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Locality-Driven Power Optimization Techniques for High-Performance Parallel Systems Open Access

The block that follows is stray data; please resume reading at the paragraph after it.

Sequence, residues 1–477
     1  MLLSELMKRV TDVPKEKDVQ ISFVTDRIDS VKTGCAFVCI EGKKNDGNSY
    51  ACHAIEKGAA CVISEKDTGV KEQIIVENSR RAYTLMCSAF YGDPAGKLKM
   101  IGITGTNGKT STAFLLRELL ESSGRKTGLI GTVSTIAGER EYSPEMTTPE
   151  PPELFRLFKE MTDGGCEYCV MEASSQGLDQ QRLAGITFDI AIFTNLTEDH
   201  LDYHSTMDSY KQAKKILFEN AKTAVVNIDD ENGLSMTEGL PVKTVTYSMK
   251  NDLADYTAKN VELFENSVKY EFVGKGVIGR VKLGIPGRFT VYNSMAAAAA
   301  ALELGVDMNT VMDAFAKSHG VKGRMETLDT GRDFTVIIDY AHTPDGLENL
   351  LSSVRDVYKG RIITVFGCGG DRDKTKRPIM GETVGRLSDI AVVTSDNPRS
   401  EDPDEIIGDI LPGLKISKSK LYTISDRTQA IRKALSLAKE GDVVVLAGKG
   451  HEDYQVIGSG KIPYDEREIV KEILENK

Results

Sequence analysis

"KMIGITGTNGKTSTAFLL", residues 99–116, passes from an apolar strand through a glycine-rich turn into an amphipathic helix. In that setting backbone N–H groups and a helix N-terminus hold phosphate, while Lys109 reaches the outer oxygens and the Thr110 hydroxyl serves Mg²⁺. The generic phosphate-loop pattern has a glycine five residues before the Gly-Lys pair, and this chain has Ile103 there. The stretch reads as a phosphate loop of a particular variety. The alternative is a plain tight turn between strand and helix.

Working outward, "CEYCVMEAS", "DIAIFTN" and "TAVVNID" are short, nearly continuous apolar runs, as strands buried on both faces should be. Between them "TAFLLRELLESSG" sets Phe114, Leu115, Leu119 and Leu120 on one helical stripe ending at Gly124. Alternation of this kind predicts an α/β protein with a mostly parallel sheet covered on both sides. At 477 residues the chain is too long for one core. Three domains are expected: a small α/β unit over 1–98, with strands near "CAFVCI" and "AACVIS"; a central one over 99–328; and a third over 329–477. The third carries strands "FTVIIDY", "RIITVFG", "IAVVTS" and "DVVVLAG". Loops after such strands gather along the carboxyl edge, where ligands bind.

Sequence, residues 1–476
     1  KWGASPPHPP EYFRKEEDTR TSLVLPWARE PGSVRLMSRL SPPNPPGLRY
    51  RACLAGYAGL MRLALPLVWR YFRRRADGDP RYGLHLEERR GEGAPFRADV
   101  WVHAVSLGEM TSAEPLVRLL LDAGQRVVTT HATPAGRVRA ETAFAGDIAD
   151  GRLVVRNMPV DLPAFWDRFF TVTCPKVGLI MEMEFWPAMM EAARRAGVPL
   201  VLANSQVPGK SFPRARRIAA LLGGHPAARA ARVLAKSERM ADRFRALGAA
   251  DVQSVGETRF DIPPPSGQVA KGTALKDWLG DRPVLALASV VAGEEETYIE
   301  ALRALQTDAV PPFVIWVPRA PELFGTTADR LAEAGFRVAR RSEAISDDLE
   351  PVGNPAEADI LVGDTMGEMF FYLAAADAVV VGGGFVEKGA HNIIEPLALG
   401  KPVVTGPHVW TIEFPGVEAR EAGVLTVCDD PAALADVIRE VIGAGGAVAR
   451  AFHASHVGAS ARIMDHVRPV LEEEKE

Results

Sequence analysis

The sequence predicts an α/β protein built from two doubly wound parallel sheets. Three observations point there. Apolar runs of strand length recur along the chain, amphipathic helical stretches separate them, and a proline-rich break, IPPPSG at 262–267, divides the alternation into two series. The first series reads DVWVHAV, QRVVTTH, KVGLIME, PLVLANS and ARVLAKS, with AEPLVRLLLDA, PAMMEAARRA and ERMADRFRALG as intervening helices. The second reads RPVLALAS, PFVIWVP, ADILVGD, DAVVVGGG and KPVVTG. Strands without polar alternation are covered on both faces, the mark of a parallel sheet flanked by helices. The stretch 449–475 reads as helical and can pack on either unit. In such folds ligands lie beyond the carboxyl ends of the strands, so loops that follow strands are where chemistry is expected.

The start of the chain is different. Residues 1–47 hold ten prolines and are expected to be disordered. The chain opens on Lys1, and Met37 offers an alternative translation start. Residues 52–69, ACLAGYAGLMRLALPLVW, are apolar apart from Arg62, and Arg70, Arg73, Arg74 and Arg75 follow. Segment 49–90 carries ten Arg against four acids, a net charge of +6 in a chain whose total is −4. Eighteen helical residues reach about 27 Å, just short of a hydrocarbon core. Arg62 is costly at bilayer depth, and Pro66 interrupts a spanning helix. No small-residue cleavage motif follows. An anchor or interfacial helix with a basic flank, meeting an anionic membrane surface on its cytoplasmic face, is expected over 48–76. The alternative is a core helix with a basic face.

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The computational capabilities of high-performance computing (HPC) systems continue to improve, but at a cost of increased electrical power consumption. The environmental and economic impact of this increasing power consumption is motivating research in techniques that can reduce HPC power consumption without significantly impacting the overall system performance. As processor frequency increases have plateaued due to the power and thermal dissipation limits of high density electronic components, the greatest improvement in computational performance has come from increasing hardware level parallelism at the core, processor, node, and overall system level. This trend has, in turn, driven the increased use of parallel programming paradigms to be able to take advantage of the greater hardware capabilities. One major parallel programming paradigm is the Partitioned Global Address Space (PGAS), which uses a Single Program Multiple Data (SPMD) model. For most algorithm types, SPMD threads are constantly communicating and synchronizing across the various levels of hardware parallelism and will intermittently stall because of the response latency from remote thread(s) involved in communications or synchronization. This dissertation describes research to reduce the energy waste from these stalls by leveraging the locality-awareness principle to develop power efficient optimization techniques. Two complementary types of power optimization techniques that can be applied to many common classes of high-performance computing applications are examined. These techniques are: i) intra-process locality-driven power optimizations which oer programmers and system designers opportunities to control processor frequency and sleep states amongst threads of the same process; and ii) inter-process locality-driven power optimizations which is the application of job mix co-placement (i.e., mapping running applications to CPU cores using specific affinity patterns) and co-scheduling (i.e., job ordering based on symbiosis) to threads of different and diverse processes that are executing together on an HPC cluster. The co-placement power optimization can reduce energy consumption up to 25%. The validation of the optimization techniques relied heavily on being able to correctly measure the power utilization of the CPU and memory subsystems. At the time we began our work on this topic, most investigation in power optimization for HPC systems was done using indirect methods such as estimation based on time or CPU performance counters. Instead, we developed a precise and scalable mechanism to directly measure discrete CPU and memory power consumption, closely synchronized with program execution time. Given the evolution of embedded power sensors in later generation Intel® microprocessors, we also integrated our initial non-intrusive measurement system with an intrusive measurement system using the embedded sensors. The two measurement systems working in tandem generated a large volume of experimental output, so we applied Big Data techniques to the processing of the raw data and a systematic framework in which to analyze the results. The measurement framework itself represents a significant contribution to the growing community of researchers in HPC power optimization.

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